An Oscilloscope Trigger For Vintage Video Processors

A small green circuit board with a tiny OLED display

Working on retro computers is rarely straightforward, as [ukmaker] recently found out while designing a new display interface. Their oscilloscope was having trouble triggering on the video signal produced by older video circuitry, so they created the Video Trigger for Retrocomputers.

The Texas Instruments TMS9918 video display controller was used across a range of 1980s game consoles and home computers, from the well-known ColecoVision to Texas Instruments’ own TI-99/4. Substantial retro computing heritage notwithstanding, the video output from this chip was (for reasons unknown) not quite compatible with the Hantek DSO1502P oscilloscope. And without a better understanding of the video signal, it was difficult to use the chip with newer TFT displays, being designed for CRT televisions with more forgiving NTSC tolerances.

Maybe a different scope would have solved the problem, but [ukmaker] had a feeling that the ‘scope needed an external trigger signal. The Video Trigger project uses a LM1881 sync separator to tease out the horizontal and vertical sync signals from the vintage video chip, with the output piped into an ATmega 328P. Along with a smattering of discrete components, the ATmega aids the user in selecting which line to frame a trigger on, and the slope of the horizontal sync signal to align to. A tiny OLED display makes configuration easy.

If this has piqued your interest, [ukmaker] also has a great write-up over on GitHub with all the gory details. Maybe it will help you in your next vintage computing caper. Having the right tool can make all the difference, like this homebrew logic meter for hobby electronics troubleshooting. Or if you want to know more about the mystical properties of analog NTSC video, we’ve covered that, too.

8 thoughts on “An Oscilloscope Trigger For Vintage Video Processors

  1. Reasons uknown… .. typically the same reasons the digital/LCT/TFT monitors have problems locking on the signal from retro machines. It deviates wildly from the norms, is not (properly) interlaced, has levels far off the specs, has timing dedicated byt the available rather than specified frequencies and maybe half a dozen more “unknown” reasons… ;-)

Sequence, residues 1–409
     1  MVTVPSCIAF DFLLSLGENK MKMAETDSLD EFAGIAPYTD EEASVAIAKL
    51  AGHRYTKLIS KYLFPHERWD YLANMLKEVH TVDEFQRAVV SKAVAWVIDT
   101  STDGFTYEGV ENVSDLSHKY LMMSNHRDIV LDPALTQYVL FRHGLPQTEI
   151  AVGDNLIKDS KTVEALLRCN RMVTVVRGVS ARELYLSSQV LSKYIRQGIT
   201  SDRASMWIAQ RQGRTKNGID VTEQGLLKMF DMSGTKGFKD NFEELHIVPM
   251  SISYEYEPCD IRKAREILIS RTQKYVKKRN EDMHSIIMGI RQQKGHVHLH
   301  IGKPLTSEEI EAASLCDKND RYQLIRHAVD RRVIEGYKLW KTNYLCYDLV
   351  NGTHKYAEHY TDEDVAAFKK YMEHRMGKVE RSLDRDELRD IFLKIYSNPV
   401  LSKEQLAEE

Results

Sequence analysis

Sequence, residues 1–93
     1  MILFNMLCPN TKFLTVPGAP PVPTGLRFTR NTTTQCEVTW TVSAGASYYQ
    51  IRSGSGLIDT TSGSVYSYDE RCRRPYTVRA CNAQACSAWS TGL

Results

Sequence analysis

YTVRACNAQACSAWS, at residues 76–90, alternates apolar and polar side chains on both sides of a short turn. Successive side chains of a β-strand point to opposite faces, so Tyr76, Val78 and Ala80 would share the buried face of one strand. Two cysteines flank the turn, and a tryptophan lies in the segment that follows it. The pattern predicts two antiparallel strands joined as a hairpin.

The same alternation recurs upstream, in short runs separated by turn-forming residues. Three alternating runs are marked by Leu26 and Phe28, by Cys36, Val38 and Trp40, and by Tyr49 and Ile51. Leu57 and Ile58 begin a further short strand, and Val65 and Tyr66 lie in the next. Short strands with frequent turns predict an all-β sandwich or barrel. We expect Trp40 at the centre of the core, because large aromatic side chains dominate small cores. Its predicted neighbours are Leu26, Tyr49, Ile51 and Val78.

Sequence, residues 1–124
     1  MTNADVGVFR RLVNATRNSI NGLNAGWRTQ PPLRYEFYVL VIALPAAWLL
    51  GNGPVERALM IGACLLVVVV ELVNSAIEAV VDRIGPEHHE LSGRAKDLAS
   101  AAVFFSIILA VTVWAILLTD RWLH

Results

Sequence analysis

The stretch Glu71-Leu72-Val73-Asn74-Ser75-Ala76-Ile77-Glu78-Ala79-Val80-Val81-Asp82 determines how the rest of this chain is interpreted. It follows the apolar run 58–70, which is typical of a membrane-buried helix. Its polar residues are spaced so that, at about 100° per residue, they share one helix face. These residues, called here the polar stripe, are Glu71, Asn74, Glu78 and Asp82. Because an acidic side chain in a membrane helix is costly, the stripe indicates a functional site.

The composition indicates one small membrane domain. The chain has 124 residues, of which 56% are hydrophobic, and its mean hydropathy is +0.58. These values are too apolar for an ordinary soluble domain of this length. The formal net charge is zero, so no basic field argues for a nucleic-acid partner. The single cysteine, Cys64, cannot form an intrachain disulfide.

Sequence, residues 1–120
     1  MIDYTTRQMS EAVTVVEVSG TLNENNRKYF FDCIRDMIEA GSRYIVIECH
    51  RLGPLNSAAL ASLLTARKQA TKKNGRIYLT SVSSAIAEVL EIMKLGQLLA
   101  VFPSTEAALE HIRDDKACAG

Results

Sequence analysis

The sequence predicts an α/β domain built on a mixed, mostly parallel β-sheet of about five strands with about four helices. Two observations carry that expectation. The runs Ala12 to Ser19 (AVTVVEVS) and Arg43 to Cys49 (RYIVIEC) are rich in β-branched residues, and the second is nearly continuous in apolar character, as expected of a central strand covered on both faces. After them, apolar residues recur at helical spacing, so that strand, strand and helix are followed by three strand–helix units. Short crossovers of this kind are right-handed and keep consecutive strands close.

1. Yep – TVs were /very/ tolerant back then. Mid ’00s, I recall having to specifically search out some very cheap 14″ CRTs for 50/60Hz testing in the UK as they were the ones that were built sufficiently crappily to be flexible in the input they took (others lost the colour signal at 60Hz)

    2. ukmaker here: Agreed, though I have a video to VGA converter which can lock properly, as can my shiny new Rigol scope. This is actually easier to use than the Rigol though, so it’s still on my workbench :-)

      Of course now my VDPtoTFT project can trigger on the VDP signal, so I could rework this one to use just an STM32 and allow triggering on a chosen line or even pixel….. Oops. Another rabbit-hole.

    1. I’m lucky enough to have found a Tektronix TDS784D with the TV trigger option, but this solution looks much easier to source, and much cheaper too.

      Stick it in a case with video input, video output and trigger output jacks with an impedance matched trace connecting input and output for fun and it would be pretty professional looking.

      I wonder if you could power it from the Tekprobe interface/whatever brand interface your scope has?

  2. Another option I recently ran across was this Arduino based Video Experimenter Shield. It uses the same LM1881.

    For a commercial product (if you can still find one) I got hold of a Ultech TV Trigger Mate. I used it to check a VCR that I was having trouble getting captions output on. Turned out this Medical VCR somehow loses a line during the vertical blanking interval and captions end up on Line 20.

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